76. … The Guardian has a serious journalistic purpose in seeking access to the documents. It wants to be able to refer to them for the purpose of stimulating informed debate about the way in which the justice system deals with suspected international corruption and the system for extradition of British subjects to the USA.
77. Unless some strong contrary argument can be made out, the courts should assist rather than impede such an exercise. The reasons are not difficult to state. The way in which the justice system addresses international corruption and the operation of the Extradition Act  are matters of public interest about which it is right that the public should be informed. The public is more likely to be engaged by an article which focuses on the facts of a particular case than by a more general or abstract discussion. …
83. The courts have recognised that the practice of receiving evidence without it being read in open court potentially has the side effect of making the proceedings less intelligible to the press and the public. This calls for counter measures. …
85. In a case where documents have been placed before a judge and referred to in the course of proceedings, in my judgment the default position should be that access should be permitted on the open justice principle; and where access is sought for a proper journalistic purpose, the case for allowing it will be particularly strong. However, there may be countervailing reasons. … I do not think that it is sensible or practical to look for a standard formula for determining how strong the grounds of opposition need to be in order to outweigh the merits of the application. The court has to carry out a proportionality exercise which will be fact-specific. Central to the court’s evaluation will be the purpose of the open justice principle, the potential value of the material in advancing that purpose and, conversely, any risk of harm which access to the documents may cause to the legitimate interests of others.
This is an important decision, not only for the law in England and Wales, but for the common law at large. It emphasises the centrality of open justice and the rule of law to the common law tradition. And, tellingly, it does so, neither in dicta nor in a rule which is found wanting on the facts, but in a ruling which upholds the principle on the facts. Moreover, for Toulson LJ, the fact that he is applying a common law principle rather than a constitutional principle or one derived from the European Convention on Human Rights is very much a virtue. For him, the “development of the common law did not come to an end on the passing of the Human Rights Act”. This is a welcome reaffirmation of the strengths of the common law, but it is more than a touch over-chauvinistic, and certainly more limited than it needs to be. Other jurisdictions go further, providing constitutional foundations for the principle. And these are important, as they provide further protections when the common law reaches its limits.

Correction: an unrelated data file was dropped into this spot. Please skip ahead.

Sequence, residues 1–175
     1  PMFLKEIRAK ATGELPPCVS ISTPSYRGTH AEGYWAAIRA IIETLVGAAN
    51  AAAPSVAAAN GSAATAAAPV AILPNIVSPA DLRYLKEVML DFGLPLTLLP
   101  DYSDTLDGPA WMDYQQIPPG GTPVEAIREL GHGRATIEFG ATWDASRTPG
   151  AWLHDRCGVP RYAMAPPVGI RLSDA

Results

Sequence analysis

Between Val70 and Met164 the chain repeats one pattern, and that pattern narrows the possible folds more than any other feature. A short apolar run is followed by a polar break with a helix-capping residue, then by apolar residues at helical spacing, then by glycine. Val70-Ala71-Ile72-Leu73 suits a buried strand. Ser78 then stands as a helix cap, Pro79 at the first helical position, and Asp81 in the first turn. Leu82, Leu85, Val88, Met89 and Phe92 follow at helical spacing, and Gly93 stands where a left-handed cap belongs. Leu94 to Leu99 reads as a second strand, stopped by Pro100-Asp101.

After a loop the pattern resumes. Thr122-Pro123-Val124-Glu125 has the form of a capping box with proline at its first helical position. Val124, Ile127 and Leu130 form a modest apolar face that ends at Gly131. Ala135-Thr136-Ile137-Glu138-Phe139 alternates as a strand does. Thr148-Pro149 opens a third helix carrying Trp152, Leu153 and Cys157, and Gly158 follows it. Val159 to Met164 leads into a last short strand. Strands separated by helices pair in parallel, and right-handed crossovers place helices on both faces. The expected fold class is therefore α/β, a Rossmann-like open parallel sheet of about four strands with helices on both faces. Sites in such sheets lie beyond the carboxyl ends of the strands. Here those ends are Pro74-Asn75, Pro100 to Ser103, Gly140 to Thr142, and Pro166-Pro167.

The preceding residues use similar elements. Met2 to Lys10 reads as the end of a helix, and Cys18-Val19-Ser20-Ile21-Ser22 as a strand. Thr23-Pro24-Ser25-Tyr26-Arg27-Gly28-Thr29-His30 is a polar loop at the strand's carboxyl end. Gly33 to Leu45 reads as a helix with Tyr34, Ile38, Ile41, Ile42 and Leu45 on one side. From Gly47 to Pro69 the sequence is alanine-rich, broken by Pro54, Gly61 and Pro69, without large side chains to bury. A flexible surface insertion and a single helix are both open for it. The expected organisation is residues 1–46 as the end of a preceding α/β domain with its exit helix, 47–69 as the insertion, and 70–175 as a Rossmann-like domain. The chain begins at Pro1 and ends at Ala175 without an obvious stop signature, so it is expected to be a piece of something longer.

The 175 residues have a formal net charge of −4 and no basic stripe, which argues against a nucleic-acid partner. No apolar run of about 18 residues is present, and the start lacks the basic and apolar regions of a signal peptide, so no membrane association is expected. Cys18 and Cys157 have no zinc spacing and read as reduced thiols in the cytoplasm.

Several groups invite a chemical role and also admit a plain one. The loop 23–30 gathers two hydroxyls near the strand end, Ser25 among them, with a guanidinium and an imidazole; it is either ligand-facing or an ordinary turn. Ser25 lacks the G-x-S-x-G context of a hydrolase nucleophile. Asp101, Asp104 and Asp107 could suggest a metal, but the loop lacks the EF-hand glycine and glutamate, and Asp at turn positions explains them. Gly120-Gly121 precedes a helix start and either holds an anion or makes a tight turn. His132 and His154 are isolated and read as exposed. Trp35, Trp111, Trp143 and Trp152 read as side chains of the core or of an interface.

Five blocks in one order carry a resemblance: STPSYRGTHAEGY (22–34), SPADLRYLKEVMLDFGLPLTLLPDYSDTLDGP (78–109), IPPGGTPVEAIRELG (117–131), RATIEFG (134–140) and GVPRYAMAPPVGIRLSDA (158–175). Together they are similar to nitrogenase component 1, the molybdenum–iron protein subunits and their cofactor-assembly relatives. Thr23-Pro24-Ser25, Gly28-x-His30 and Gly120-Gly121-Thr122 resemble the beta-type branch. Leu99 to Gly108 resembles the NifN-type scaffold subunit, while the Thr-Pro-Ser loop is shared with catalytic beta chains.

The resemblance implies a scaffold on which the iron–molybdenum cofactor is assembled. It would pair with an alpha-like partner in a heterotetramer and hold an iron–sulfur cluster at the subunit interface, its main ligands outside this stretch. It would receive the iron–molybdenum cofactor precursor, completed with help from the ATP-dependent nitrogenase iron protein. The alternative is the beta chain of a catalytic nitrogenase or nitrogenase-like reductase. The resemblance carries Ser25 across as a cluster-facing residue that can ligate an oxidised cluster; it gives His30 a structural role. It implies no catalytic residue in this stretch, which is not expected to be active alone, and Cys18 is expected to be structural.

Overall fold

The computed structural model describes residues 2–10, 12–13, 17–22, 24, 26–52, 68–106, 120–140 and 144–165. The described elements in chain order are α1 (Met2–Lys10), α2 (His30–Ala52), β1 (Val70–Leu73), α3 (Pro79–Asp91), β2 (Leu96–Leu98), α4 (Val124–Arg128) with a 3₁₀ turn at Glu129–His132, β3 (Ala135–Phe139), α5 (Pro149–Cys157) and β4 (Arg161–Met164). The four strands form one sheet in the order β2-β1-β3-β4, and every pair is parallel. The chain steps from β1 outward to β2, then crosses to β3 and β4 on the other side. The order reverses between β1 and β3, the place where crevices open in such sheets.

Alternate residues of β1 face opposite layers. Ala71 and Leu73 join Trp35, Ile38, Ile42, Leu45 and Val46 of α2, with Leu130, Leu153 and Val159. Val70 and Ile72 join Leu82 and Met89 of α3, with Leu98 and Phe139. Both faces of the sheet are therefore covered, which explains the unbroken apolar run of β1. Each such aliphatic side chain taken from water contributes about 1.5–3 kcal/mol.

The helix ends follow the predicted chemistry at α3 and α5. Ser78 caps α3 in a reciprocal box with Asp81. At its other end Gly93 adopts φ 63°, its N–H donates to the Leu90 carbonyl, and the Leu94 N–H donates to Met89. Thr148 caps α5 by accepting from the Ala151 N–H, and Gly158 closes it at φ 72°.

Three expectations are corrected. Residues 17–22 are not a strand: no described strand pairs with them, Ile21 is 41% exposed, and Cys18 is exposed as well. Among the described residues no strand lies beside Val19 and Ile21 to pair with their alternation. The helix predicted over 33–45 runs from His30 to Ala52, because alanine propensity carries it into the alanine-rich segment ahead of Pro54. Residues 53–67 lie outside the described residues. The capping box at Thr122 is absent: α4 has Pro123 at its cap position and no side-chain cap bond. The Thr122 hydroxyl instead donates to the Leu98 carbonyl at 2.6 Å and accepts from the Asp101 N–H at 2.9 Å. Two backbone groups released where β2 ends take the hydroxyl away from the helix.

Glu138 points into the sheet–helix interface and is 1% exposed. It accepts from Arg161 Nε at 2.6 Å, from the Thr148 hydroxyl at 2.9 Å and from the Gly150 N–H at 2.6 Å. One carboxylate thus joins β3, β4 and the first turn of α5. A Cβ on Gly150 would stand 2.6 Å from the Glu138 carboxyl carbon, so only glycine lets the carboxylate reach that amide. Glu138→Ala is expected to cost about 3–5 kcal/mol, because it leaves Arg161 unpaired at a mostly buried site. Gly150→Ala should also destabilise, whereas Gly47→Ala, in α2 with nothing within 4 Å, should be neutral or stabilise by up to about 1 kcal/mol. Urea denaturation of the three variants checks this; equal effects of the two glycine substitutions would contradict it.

Toulson LJ located the limits of the common law principle of open justice in plain statutory language. However, in jurisdictions with constitutional and similar texts, legislative provisions can be subjected to further scrutiny. For example, in Ireland and the UK, the statutory incorporations of the ECHR mean that any legislative restrictions upon the principle of open justice must be read in a manner compatible with Convention rights such as Article 6 (fair trial) and Article 10 (freedom of expression). Moreover, in jurisdictions such as Ireland, the US, South Africa, and Canada, where the principle of open justice is underpinned by constitutional provisions, then overbroad or disproportionate legislative restrictions upon the principle of open justice can be struck down as unconstitutional.
Hence, if the UK government were to extend “closed material procedures” (so-called secret courts) by statute, then the common law principle of open justice would be displaced, but that Act would have to be interpreted consistently with the ECHR (or suffer a declaration of incompatibility in the UK courts or an embarrassing – and no doubt controversial – reverse in Strasbourg). And if such a statute were to be introduced in a jurisdiction with a constitution, it would have to survive an additional level of scrutiny, as by being a proportionate or narrowly tailored response to a legitimate end or compelling state interest. Touslon LJ’s decision, therefore, is a welcome reaffirmation of strengths of common law, but it is more limited than it needs to be.
The image at the top of this post is a relief of a blindfolded lady justice on the front wall of the new Criminal Courts of Justice complex in Dublin (here’s a better photo by Will Knott). The blindfold represents the impartiality that is at the heart of the rule of law. Open justice safeguards this impartiality, and ensures that not only is justice seen to be done, but also that it is manifestly and undoubtedly seen to be done.
This post originally appeared on the Cearta.ie blog and is reproduced with permission and thanks.